Geotextile for Water Reservoir Dam Liners

Geotextile is a kind of geosynthetic product, it is used in various engineering projects. The main functions of geotextiles are filtration, drainage, separation, reinforcement protection, and erosion control. Geotextile has been used as the sole method of providing filtration and drainage functions for some dam embankments constructed in many countries.

Geosynthetics have been used in dam construction for over 45 years, and are currently being used at an ever-increasing rate in a variety of applications. Geosynthetics are not new for dam construction, and in fact, are considered a reliable and durable civil engineering material with proven performance in many exposed and buried applications. Geosynthetics are used in dam construction not only because they may be the only practicable choice for a specific application but also because they provide a viable and durable economic alternative to other types of conventional civil engineering materials.

A geotextile will perform a filtration function if it allows liquid (water) to pass while controlling the soil. The geotextile thus must be located between the soil being retained and the open drain material, nonwoven needle-punched geotextiles are used.

The geotextile will have a separation function if the geotextile is located between two dissimilar soils or between soil and a man-made material and if the geotextile prevents the mixing of the two dissimilar materials. All types of geotextiles and composites that have the smallest strength requirements can perform this function.

The types of geotextiles that follow the definition are the nonwoven, woven, and knitted fabrics which again are typical fabrics of the textile industry today. Geotextiles, yet, are manufactured in plants that are now devoted to the technical geotextile industry segment and thus are engineered for today’s demanding applications in geotechnical engineering. Thus the term “geotextile” is not new but in fact, describes the general functions of “fabrics” used to improve soils or soil conditions. Geotextile polymers are polypropylene (PP), and polyester (PET) with some geotextiles (nonwovens) using combinations of polymers. Geotextile structures are comprised of the following:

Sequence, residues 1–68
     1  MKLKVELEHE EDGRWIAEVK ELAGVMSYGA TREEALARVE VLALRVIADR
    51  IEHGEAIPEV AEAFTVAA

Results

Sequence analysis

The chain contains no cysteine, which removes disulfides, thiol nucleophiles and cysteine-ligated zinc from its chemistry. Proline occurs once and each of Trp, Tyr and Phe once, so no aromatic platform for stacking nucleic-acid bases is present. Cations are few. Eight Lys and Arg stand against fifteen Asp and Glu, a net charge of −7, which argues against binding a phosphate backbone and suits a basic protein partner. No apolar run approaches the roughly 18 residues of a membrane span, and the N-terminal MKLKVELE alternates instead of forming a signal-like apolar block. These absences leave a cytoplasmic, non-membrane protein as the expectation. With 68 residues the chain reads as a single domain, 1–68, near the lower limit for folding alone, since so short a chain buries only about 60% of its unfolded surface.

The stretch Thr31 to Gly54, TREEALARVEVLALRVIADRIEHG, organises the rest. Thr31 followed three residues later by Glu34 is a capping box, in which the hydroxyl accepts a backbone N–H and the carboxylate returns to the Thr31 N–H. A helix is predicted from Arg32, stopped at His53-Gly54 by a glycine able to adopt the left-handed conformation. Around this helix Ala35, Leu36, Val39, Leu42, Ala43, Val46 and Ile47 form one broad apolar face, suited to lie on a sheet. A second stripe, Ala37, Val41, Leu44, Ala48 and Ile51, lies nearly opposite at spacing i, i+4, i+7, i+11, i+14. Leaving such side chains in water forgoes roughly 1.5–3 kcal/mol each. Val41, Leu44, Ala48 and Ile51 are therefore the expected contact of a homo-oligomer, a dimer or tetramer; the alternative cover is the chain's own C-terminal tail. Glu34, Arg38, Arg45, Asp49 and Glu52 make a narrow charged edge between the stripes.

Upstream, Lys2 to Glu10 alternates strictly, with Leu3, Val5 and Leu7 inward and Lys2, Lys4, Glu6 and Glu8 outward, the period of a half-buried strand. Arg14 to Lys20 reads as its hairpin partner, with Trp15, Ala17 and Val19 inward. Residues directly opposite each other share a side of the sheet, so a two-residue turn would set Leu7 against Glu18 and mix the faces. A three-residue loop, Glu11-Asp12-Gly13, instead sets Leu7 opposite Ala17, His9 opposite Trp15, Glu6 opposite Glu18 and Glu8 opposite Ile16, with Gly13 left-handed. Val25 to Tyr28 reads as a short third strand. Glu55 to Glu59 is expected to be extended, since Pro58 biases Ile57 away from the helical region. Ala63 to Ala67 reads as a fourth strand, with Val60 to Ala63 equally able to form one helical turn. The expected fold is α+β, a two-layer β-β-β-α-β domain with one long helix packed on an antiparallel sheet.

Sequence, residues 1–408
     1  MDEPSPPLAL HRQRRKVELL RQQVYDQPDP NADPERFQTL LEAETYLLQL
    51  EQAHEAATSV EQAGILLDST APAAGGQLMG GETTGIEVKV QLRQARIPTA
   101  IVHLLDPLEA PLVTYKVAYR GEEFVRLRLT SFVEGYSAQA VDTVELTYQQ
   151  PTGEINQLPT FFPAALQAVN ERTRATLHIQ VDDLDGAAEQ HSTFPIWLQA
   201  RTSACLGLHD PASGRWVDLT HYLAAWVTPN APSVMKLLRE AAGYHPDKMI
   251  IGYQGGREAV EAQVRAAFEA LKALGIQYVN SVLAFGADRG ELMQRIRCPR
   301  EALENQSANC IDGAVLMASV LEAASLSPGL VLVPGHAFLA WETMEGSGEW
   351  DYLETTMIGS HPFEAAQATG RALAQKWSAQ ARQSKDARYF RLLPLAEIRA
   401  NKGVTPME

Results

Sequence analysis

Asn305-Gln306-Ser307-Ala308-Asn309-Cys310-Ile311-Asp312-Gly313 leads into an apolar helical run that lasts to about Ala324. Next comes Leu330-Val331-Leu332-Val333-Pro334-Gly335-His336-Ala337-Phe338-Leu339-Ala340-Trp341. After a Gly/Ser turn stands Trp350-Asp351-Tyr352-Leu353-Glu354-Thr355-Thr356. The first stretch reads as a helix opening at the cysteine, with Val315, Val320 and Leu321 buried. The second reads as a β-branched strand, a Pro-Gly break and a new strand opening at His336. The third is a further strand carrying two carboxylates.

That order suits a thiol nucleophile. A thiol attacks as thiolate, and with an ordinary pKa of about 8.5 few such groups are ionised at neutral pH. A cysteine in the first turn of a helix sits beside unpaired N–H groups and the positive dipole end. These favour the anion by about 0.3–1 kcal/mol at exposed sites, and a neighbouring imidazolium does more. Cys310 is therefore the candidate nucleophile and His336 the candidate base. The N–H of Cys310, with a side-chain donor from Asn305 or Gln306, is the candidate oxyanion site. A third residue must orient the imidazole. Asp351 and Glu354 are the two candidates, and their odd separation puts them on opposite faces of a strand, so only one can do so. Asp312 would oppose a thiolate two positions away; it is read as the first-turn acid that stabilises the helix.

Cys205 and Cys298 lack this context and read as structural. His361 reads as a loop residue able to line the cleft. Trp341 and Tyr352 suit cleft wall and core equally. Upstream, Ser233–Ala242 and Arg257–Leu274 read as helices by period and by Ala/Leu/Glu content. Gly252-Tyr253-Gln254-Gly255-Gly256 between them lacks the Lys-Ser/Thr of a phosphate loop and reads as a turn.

Nonwoven geotextiles

Geotextiles are formed with continuous or short fibers arranged in random directions and then bonded together into a planar structure which can include the following:

Nonwoven geotextiles

Needle punched

Continuous Filament Fiber

Staple Fiber (short fibers)

Nonwoven Heat Set

Continuous Filament Fiber

Woven geotextiles

Woven Geotextiles are composed of two sets of parallel yarns or tapes interlaced to form a planar structure which can include the following:

Multifilament woven

Monofilament woven

Slit Film woven

Fibrillated woven

Polypropylene (PP) fiber is a semi-crystalline thermoplastic olefin produced by polymerizing propylene monomers in the presence of a catalyst. Two types of polypropylene are the homopolymers and the copolymers. The more rigid homopolymers are used in fiber production. Polypropylene homopolymers for geotextile production are designed to meet both the stringent processing and final end-use strength and durability requirements. Polypropylene fiber is produced by melt spinning the molten polymer, followed by stretching to orient the fiber molecules. Special additives including antioxidant packages and thermal stabilizers and UV packages are used to protect against aging. A life expectancy of the smallest of 200 years can be expected from stabilized and protected polypropylene geotextile fibers in buried applications